02/03/2015 – Workshop: “The Polymer Electrolyte Fuel cell and the Enabling Interdisciplinary Science”















Several major car companies intend to bring fuel cell (FC) powered passenger vehicles to market in 2015-2016. As of today, the FC car with compressed hydrogen fuel on board is the only electric passenger vehicle which can answer three key demands of: 500 km range on a full tank of fuel, brief (minutes-long) recharge time and zero tail pipe emission. This in addition to dynamic performance comparable to that of an equivalent IC engine vehicle. It is interesting to look back at this point in time at the science and technology achievements which enabled the development of this low T , liquid-electrolyte-free , electrochemical power source to the point of early commercial product in the highly demanding automotive market. Key milestones on the way to maturation belong in several different disciplines, including:

  • Ion-conducting membranes and maintenance of target membrane hydration levels
  • Fundamental and practical Electrocatalysis based on optimized nano-structures
  • Stack metal hardware
  • Failure diagnostics and mitigation and,
  • Hydrogen storage

The selection of a proton-conducting ionomer, the poly {perfluorocarbon sulfonic acid }, as the polymer electrolyte for present technology fuel cells (PEMFCs) , has been directed by considerations of high specific ionic conductivity , stable polymer backbone chemistry and high tolerance to carbon dioxide . However, this choice of a proton-conducting electrolyte also dictated the use of platinum catalysts which uniquely withstand the strong acid environment. Minimizing Pt loading has been a very important development which has, however, its limits when longevity and reliability are of major concern. Replacement, non-Pt catalysts have been pursued, but their long-term stability in acid electrolyte has not matched that of Pt. To open the door to a radical solution for Pt price and price volatility effects, a cell utilizing an OH- anion conducting membrane ( AMFC ) has been pursued at Cellera starting in 2008. In such alkaline environment, use of non-Pt catalysts becomes possible. In fact, when replacing the PEMFC by the AMFC, the stack cost can be reduced beyond replacement of the Pt catalyst alone. The Cellera AMFC development effort which started in 2008 with work on novel membrane /electrode assemblies with non-Pt catalysts, resulted in 2013 in a 2 kW AMFC stack, tested in the field first as back-up power source for a cell phone tower. The AMFC cell and stack performance will be compared with that of the PEMFC.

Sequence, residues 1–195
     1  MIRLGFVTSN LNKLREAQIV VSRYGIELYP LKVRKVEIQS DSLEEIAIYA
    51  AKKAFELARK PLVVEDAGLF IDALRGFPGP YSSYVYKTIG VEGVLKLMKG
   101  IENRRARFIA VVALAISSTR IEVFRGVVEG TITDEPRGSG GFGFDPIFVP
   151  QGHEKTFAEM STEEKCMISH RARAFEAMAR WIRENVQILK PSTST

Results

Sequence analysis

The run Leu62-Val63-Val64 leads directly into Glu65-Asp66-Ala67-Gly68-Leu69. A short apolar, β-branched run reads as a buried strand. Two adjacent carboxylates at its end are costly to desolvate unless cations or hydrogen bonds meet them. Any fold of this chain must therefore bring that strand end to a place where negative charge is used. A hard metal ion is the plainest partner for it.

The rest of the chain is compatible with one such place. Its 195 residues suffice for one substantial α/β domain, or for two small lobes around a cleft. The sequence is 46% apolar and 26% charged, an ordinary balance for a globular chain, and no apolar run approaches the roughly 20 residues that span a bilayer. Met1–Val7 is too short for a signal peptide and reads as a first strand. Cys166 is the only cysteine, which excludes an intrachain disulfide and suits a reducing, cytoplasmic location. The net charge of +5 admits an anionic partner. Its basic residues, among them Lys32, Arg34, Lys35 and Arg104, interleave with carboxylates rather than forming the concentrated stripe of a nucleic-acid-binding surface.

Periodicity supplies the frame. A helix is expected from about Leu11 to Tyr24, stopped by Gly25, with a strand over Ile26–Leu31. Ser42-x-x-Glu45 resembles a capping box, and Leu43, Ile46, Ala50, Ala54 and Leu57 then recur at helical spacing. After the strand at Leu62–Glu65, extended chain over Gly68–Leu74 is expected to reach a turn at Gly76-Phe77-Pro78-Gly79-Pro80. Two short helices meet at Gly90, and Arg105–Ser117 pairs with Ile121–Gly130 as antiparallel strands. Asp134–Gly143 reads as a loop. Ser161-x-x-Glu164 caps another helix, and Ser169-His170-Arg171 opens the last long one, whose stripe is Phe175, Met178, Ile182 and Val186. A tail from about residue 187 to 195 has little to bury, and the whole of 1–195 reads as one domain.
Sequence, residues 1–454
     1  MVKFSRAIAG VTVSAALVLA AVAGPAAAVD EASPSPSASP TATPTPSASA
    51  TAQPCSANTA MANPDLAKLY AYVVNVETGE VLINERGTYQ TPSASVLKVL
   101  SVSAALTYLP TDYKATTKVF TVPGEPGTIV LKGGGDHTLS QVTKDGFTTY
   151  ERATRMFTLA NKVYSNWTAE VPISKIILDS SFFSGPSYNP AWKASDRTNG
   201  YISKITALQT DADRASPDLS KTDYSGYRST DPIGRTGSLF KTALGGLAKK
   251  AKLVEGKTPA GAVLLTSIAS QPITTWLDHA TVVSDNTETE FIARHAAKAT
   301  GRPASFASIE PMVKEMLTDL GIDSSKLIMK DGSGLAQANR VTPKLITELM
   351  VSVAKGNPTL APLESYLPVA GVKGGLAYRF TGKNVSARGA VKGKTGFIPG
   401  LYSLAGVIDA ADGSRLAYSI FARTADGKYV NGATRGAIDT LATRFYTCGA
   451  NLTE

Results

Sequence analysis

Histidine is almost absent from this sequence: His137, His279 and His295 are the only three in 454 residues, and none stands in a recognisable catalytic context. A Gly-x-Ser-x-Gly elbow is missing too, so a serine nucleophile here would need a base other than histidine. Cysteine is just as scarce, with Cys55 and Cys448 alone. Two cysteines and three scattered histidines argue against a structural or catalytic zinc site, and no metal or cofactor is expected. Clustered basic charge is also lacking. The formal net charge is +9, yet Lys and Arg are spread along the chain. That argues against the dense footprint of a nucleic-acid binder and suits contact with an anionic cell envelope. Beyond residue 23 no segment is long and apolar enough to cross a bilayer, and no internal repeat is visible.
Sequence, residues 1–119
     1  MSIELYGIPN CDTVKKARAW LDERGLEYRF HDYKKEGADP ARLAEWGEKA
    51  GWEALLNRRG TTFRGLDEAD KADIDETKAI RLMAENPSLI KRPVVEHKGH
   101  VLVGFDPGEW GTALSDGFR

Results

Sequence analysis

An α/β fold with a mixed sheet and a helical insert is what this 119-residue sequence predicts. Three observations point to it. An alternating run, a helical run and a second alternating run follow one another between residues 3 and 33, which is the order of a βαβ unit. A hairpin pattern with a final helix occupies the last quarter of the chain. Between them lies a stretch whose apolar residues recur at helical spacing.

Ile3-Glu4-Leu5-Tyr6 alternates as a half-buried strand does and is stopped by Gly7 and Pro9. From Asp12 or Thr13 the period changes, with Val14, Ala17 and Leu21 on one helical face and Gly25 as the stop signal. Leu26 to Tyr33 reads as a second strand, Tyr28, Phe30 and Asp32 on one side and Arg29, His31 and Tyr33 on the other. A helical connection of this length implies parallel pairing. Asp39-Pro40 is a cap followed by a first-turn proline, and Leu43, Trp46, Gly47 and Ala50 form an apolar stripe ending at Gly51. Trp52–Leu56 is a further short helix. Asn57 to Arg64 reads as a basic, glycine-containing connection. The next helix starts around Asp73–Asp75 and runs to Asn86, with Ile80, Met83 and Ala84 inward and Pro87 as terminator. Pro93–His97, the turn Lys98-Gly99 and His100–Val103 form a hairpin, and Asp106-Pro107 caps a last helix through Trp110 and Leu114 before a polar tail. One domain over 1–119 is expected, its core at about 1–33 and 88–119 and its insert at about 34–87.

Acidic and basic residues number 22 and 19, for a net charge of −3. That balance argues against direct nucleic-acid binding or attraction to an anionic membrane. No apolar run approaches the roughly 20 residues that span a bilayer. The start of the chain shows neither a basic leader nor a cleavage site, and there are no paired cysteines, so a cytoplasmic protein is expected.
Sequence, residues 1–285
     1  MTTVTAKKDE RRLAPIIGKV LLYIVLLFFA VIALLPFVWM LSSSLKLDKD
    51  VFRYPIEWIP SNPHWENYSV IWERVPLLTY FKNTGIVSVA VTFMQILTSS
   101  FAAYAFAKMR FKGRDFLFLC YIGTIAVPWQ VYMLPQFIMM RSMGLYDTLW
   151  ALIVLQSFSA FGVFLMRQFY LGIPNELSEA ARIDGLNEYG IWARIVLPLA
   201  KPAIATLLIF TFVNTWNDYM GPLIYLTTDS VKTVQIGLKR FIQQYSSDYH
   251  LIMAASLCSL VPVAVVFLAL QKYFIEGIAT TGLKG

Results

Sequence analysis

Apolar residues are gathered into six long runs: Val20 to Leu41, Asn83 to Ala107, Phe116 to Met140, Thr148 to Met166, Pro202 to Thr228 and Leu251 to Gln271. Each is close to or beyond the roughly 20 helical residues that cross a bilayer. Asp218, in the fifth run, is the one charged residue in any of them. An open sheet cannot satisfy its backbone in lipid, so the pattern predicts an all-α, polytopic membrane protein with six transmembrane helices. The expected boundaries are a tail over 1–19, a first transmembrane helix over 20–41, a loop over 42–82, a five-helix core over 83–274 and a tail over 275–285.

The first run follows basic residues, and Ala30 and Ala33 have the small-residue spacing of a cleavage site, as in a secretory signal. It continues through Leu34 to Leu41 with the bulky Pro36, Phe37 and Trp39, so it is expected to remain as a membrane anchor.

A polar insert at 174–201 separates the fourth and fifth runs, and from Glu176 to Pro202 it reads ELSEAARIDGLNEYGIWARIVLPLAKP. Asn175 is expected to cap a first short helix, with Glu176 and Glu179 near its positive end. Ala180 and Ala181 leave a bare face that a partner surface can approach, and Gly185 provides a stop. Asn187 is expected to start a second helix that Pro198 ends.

16.00 Apertura dei lavori

  • Prof. Alberto Bertucco – Università degli Studi di Padova, Direttore del Centro Levi Cases

16.10 Presentazione del relatore

  • Prof. Vito Di Noto – Università degli Studi di Padova

16.20 The Polymer Electrolyte Fuel cell and the Enabling Interdisciplinary Science

  • Prof. Shimshon GottesfeldCellera Technologies, Caesarea, Israel & Department of Chemical Engineering, University of Delaware, USA

17.20 Discussione

  • Moderatore:  Prof. Vito Di Noto – Università degli Studi di Padova

18.00 Conclusione


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